carmel-wallace_bare-bones-of-toolangi-forest_2016 (view film clip)
This solo exhibition is a survey of prints by Carmel Wallace, including early screen-prints developed at Portland Community Access Print-shop and etchings, relief and mono prints made at Portland Bay Press and in the artist’s studio. Review by Marguerite Brown
I have been selected as a finalist in this year’s Woollahra Small Sculpture Prize with my work Daphne.
Daphne was inspired by the Laurel tree in the Portland Botanical Gardens and the myth of Apollo and Daphne that has been interpreted widely in art and literature. According to myth, Daphne is transformed into a Laurel tree so she can escape the advances of Apollo. In the words of Andrew Marvell:
The Gods, that mortal Beauty chase,
Still in a Tree did end their race.
Apollo hunted Daphne so,
Only that She might Laurel grow.
The Garden 1681
This myth is pertinent in a contemporary environmental context where recognition of our relationship with the natural world and the interconnectedness of all life forms underpin the development of solutions to current issues.
FLORA is a short film by Carmel Wallace and Colleen Hughson with music composed by Michael Wallace Flora is played by Ella Eade. Portland Victoria Australia 2015Flora celebrates the richness and fecundity of nature, personified by a young woman wearing a cloak* made of flowers. The singular beauty of indigenous species is displaced by seductive mass plantings of exotic flora as introduced by successive boat people to these shores. Whilst we may question this displacement, the film presents a post-colonial view of harmonious co-habitation: the bees happily feast on the nectar of both indigenous and introduced flowers, and we as audience also enjoy the extravagant beauty of both.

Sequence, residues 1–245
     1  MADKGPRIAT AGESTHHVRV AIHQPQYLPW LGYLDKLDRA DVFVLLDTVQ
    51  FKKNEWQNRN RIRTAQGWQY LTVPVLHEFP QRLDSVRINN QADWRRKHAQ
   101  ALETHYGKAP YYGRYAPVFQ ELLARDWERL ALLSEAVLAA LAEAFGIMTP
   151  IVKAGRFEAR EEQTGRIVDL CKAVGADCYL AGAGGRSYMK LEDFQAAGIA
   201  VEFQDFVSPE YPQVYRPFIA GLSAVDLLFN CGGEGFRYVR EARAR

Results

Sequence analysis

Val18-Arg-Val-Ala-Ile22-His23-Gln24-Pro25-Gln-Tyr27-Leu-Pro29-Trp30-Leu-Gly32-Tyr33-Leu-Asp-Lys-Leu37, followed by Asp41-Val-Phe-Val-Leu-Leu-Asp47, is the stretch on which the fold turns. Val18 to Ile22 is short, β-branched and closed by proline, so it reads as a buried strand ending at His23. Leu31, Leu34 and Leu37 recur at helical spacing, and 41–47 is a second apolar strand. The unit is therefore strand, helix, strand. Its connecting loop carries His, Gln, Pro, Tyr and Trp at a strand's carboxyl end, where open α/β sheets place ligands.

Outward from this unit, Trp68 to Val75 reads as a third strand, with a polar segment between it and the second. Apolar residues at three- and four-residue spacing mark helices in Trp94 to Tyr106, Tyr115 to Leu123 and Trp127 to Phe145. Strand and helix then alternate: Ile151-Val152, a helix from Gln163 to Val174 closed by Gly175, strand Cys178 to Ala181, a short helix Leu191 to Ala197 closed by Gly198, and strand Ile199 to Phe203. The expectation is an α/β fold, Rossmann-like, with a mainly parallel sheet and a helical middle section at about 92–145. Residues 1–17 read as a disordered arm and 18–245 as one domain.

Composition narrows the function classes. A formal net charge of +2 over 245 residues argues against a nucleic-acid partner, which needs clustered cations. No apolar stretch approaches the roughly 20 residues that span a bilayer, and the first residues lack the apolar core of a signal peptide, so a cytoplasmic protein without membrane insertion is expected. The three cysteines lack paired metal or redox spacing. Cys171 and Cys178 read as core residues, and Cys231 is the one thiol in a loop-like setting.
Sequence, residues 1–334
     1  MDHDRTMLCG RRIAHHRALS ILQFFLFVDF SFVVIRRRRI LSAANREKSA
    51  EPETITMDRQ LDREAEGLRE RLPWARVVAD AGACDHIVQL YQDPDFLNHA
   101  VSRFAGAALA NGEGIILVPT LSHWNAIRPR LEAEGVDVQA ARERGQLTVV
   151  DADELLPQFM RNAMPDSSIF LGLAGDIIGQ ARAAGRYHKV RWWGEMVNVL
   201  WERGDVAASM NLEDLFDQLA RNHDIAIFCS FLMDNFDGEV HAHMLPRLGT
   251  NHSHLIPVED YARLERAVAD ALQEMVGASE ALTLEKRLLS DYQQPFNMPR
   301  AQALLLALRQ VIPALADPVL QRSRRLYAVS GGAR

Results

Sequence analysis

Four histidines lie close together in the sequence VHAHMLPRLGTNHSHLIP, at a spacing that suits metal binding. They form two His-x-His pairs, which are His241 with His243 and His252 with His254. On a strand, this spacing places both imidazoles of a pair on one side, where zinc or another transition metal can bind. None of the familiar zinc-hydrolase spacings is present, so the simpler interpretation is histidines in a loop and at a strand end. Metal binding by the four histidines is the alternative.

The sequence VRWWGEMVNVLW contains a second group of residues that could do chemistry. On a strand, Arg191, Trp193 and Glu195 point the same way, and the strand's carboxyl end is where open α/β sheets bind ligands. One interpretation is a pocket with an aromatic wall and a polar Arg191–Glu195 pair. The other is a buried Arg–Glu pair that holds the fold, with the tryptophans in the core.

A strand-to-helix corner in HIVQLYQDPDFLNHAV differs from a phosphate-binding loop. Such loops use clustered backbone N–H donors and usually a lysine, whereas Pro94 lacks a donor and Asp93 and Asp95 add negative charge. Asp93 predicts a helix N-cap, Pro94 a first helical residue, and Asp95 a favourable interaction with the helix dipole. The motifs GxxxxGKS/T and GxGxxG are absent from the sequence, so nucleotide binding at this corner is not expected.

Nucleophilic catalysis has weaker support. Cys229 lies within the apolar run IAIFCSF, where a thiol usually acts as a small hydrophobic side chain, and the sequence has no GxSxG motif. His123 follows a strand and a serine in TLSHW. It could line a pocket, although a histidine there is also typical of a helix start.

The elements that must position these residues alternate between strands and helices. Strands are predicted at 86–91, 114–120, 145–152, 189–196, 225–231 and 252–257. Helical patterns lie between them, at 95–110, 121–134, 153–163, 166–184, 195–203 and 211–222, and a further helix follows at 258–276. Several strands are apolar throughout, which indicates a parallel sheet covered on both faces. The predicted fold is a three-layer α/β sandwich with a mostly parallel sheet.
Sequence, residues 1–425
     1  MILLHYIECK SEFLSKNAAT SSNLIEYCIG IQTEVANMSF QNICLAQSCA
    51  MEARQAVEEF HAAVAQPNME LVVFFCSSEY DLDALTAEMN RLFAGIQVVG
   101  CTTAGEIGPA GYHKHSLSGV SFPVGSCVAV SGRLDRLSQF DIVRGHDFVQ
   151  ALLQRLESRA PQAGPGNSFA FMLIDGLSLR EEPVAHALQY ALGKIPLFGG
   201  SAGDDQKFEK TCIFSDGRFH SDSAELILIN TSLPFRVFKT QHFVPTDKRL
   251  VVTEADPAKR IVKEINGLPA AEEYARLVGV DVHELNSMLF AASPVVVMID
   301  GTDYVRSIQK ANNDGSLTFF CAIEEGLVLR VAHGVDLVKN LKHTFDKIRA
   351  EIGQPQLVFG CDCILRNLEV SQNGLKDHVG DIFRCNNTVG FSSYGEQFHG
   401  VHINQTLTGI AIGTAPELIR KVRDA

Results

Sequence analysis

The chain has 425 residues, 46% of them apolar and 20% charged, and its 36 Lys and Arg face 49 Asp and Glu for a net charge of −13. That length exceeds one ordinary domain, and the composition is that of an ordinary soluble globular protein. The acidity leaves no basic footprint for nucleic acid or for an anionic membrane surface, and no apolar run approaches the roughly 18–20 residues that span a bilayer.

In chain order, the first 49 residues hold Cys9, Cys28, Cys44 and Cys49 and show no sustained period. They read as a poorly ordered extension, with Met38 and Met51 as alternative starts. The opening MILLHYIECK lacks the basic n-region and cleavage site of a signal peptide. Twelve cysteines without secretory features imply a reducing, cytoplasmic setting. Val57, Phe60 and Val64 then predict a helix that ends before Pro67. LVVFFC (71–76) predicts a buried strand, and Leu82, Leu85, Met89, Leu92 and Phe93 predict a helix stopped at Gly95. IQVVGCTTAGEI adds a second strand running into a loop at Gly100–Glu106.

*Titled Flowers for Gardens, this cloak was originally created by Carmel Wallace in 2013 for One River, a Centenary of Canberra project, supported by the ACT Government & the Australian Government, the Murray-Darling Basin Authority, The Sidney Myer Fund and the Australia Council for the Arts.
This exhibition includes my newly finished installation Bare Bones of the Cobboboonee.Bare Bones of the Cobboboonee 2006 -2015 copyright Carmel Wallace 2015 This work began as an investigation into the inner life of our local native forest, the Cobboboonee. Mimicking the style of many a naturalist before me, I collected specimens for a work to be created as part of the Great South West Walk Art Project in 2006. However, to be properly seasoned the wood needed to be oiled and stored, so it is only now that I have it ready to show. Whittling away the bark became a meditative exercise. I felt rather like a surgeon, or a miner, as I cut back the bark to uncover the richness of the bare branches – the bones of the trees – beneath. A short film of the work, including some footage of the Cobboboonee Forest here: https://vimeo.com/132408467 Bare Bones of the Cobboboonee 2006 -2015 copyright Carmel Wallace 2015